As it turned out, the critically endangered mouse had died from smoke inhalation. Some 45 had been held at a captive breeding facility near Canberra. Nine ultimately died – the first recorded wildlife in the world killed by bushfire smoke far outside a fire zone.

The deaths were a blow for conservation efforts. But in recent weeks, there’s been good news: smoky mice have been spotted at seven sites burnt in the fires. For now, at least, the species lives on.

The smoky mouse case shows bushfire smoke can affect wildlife far from the fire zone.
NASA Earth Observatory

A unique, bulgy-eyed rodent

The smoky mouse is shy, gentle and small – usually about nine centimetres in body length, plus its tail. They are rather cute, with bulgy eyes and very soft grey fur which inspired the species’ name.

In the wild, the smoky mouse is limited to a few sites in Victoria’s Grampians and East Gippsland, as well as in Kosciuszko National Park in New South Wales. It lives in underground communal nests, in heath and forest habitats.




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Ancestors of the smoky mouse arrived in Australia more than five million years ago when the Australian continent finally drifted close enough to Southeast Asia for rodents to raft across.

These ancient rodents diversified into more than 50 species. Many, like the smoky mouse, are in decline. Others, like the white-footed rabbit-rat have already become extinct.

Several threats are reducing smoky mouse numbers, but feral cats and foxes are a major cause.

Baby smoky mice photographed in 2017 at the captive breeding facility.
Office of Environment and Heritage

Death by irony?

Some 119 animal species were identified for urgent conservation intervention following the fires. The smoky mouse was among them. Modelling showed 26% of its distribution overlapped with burnt areas, and in NSW more than 90% of the species’ habitat burned.

I am a wildlife health and pathology expert based in Wagga Wagga in NSW, and part of my job is to diagnose why animals have died. The first dead smoky mouse I encountered had come from a Canberra breeding facility. It was sent by a vet and arrived via courier in mid-January.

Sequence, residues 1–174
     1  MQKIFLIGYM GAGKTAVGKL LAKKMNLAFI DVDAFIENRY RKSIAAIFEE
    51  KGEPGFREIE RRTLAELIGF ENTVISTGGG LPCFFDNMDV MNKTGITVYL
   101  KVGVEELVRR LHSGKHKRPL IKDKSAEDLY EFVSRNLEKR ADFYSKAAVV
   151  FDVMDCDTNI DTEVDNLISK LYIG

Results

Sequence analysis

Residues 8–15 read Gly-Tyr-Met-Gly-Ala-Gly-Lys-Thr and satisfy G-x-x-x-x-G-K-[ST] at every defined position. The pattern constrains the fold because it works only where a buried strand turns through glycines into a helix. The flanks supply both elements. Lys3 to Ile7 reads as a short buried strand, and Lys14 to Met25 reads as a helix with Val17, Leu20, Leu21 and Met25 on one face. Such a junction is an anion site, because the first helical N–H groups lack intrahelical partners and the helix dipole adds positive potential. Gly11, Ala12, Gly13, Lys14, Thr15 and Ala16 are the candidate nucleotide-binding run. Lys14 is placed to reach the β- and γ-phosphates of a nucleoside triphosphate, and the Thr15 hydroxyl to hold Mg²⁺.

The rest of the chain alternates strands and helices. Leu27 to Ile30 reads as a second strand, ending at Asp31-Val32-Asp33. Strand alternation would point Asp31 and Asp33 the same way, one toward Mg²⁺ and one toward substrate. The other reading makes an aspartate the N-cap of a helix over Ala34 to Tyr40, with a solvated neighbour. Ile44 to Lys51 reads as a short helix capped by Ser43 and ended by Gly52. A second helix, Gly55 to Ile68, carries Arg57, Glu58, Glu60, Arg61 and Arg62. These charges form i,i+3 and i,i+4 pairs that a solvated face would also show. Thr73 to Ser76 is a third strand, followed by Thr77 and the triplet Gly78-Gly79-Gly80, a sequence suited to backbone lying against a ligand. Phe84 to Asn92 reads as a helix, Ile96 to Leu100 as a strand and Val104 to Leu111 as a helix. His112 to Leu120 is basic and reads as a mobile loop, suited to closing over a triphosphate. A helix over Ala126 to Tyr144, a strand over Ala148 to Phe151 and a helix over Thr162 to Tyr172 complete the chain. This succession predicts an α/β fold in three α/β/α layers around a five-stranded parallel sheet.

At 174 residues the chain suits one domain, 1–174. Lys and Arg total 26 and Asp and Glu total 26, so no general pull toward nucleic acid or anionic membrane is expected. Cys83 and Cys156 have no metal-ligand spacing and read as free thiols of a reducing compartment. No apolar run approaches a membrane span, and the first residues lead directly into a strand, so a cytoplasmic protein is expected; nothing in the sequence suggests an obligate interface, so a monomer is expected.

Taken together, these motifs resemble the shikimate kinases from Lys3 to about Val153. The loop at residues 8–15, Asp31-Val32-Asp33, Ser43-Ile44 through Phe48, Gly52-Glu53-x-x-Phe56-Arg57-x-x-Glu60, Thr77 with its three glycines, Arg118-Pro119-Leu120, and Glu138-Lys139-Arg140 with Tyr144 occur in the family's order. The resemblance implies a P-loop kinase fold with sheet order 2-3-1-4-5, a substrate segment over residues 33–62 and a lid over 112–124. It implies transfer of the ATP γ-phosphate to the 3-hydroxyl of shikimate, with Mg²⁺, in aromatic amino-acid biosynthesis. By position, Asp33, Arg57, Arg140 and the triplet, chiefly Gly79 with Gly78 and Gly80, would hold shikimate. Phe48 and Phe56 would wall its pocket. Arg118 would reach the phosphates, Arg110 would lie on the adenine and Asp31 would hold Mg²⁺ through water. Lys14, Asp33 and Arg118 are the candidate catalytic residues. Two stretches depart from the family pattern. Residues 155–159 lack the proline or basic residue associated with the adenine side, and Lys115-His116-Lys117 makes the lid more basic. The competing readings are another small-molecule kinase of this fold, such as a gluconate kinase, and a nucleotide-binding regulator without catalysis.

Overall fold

Through the microscope: smoke particles in the lungs of a smoky mouse suffering smoke inhalation.

In a note attached, the vet suggested bushfire smoke had killed the smoky mouse – and asked, in a nod to the species’ name, if this was a case of “death by irony”.

Canberra, like many other cities and towns, was shrouded in thick smoke in January. But the breeding facility was more than 50 kilometres from the nearest fire zone, so I thought the vet’s theory was unlikely.

When I and other veterinary pathologists examined organs of the mouse under the microscope, the only abnormality we could find was fluid and congestion in the mouse’s lungs.

Over the following month, eight more smoky mice died. I inspected the lungs of one – to my shock, it contained thousands of brown smoke particles. Once I knew the distribution of particles to look for, I found them in most of the other dead mice too.

The mice didn’t die immediately after inhaling the smoke. They hung on, but when temperatures in Canberra spiked at more than 40℃, they went into respiratory distress and died.




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Death from smoke inhalation has long been suspected in wildlife. But it’s poorly recorded because after bushfires, the bodies of dead animals are usually incinerated or too decomposed to make a diagnosis.

The smoky mouse case shows bushfire smoke can damage wild animals far beyond fire zones. That means the impact of bushfires on wildlife may be greater than we thought.

Seven smoky mice have been spotted in the wild since the bushfires.
Museums Victoria

A bit of good news

There is hope for the smoky mouse. Motion-sensing cameras set up in Kosciuszko National Park after the fires have recorded smoky mice at seven burnt sites. Over the next year, more sites will be surveyed to better understand how many individuals remain, and where they live.

Most smoky mice at the Canberra captive breeding facility survived, and there are plans to release some into the wild. This captive breeding program has also been identified as a priority for federal funding.

But as global warming escalates, fires in Australia are predicted to become even worse. Now more than ever, the future of the smoky mouse, along with many other Australian animals, hinges on decisive climate action. Captive breeding programs and blind hope will not be enough.




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The Conversation

Andrew Peters, Associate Professor of Wildlife Health and Pathology, Charles Sturt University

This article is republished from The Conversation under a Creative Commons license. Read the original article.

Our field cameras melted in the bushfires. When we opened them, the results were startling



Taronga Zoo

Benjamin Scheele, Australian National University; David Newell, Southern Cross University; Jodi Rowley, Australian Museum, and Michael McFadden, University of Wollongong

This article is a preview of Flora, Fauna, Fire, a multimedia project launching on Monday July 13. The project tracks the recovery of Australia’s native plants and animals after last summer’s bushfire tragedy. Sign up to The Conversation’s newsletter for updates.


In late summer, male northern corroboree frogs call for a female mate. It’s a good time to survey their numbers: simply call out “Hey, frog!” in a low, deep voice and the males call back.

This year, the survey was vital. Bushfires had torn through the habitat of the critically endangered species. We urgently needed to know how many survived.